Several works have studied how to measure the maturity of MDD in organizations. Rios et al. [10] proposed a maturity model for MDD in the context of the Capability Maturity Model Integration (CMMI). Baker et al. [3] studied the application of MDD techniques in Motorola, thus developing the Modeling Challenge Levels (MCL), a framework that serves as a self-assessment tool to an organization’s modeling maturity. Tomassetti et al. [4] surveyed a set of software professionals of the Italian industry to investigate the level of maturity in the usage of software models and MDD techniques. Mohagheghi et al. [11] identified several quality dimensions that affect the maturity in MDE, including models, modeling languages, tools, processes and quality assurance techniques. While they provide suitable frameworks to evaluate the maturity level, they do not perform any evaluation involving a current sample of tools.

Our work is also related to the popular field of mining and analysis of software repositories [30]. Still, only a few of them have a focus on extracting some kind of modeling-related information from the repositories. Among them, we can cite Kolovos et al. [31], who assessed the existence of MDE artifacts in GitHub projects; Hebig et al. [32], where authors studied how and when UML models are added to a development project; Xiao et al. [33], that studied whether code generated using MDE techniques is free from technical debt; and Kahani et al. [34], that collected and analyzed the content of the 30 most widely used Eclipse forums associated with different modeling tools and applied text mining techniques to study the main questions raised when using these tools. To the best of our knowledge, nobody has done a study similar to ours comparing modeling and non-modeling projects.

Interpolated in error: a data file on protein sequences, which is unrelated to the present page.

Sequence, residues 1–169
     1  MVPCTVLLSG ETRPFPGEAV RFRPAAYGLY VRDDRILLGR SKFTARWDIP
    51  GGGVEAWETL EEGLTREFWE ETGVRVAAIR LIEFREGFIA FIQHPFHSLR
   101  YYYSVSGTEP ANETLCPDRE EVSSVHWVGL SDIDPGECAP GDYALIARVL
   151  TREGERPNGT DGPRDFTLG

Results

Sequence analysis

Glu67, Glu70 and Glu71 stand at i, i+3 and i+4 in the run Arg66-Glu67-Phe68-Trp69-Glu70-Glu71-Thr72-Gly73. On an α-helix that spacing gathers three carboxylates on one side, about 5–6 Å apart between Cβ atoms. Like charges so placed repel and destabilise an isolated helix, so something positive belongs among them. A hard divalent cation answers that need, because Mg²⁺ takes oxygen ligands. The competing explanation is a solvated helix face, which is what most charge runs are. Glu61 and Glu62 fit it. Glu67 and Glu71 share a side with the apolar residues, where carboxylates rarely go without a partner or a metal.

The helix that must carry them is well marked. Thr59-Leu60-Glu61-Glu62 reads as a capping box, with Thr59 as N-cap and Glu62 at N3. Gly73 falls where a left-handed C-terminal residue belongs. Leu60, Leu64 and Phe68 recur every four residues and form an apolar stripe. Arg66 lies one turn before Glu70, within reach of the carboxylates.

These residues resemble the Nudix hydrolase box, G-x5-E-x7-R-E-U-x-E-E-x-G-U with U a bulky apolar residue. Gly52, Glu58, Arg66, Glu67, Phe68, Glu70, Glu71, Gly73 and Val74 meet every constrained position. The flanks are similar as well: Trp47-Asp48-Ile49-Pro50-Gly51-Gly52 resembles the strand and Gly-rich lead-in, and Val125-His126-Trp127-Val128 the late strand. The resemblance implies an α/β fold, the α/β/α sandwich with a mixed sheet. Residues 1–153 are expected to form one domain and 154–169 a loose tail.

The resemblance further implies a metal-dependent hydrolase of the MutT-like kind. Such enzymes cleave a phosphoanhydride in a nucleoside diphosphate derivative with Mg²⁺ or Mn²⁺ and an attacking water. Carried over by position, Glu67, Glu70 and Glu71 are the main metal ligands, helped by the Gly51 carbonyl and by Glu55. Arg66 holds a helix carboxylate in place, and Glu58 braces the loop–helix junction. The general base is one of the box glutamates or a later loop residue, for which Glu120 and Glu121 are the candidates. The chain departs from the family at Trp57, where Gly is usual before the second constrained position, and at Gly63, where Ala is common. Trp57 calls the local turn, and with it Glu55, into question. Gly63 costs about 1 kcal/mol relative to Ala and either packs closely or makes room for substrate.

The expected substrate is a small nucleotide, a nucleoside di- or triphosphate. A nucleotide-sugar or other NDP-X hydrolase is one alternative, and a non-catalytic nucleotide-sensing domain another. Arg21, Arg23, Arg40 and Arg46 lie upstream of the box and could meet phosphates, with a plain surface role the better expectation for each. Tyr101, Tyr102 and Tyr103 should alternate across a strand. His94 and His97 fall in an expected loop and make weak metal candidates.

9  Conclusion

In this paper we have compared over a hundred modeling and non-modeling projects of the Eclipse ecosystem. Our results show that there are indeed differences between modeling and non-modeling projects, though less than we expected when setting up the study. Also, we detected that incubation status clearly makes a difference for non-modeling projects, however, it is not true for modeling ones which seem to remain much more stable across their lifespan. This is not necessarily a good thing since it may suggest that they are unable to bring a broader audience of users and contributors even after they get out of the incubation status and became full official projects.

While these results partially confirm that maturity of modeling projects may be an issue (with ramifications to even major issues like modeling adoption as both properties have been linked together in previous works), much more research needs to be done to really understand the technical and social factors that make both families of projects different and what dimensions of modeling projects can be improved to make them up to par (or even better).

We have proposed a couple of extensions to “classic” maturity models that could shed some light on these issues. This is our main line of further work. Beyond this, we plan to replicate the results in other ecosystems outside Eclipse.

Acknowledgment

This work has been supported by the Spanish government (TIN2016-75944-R project).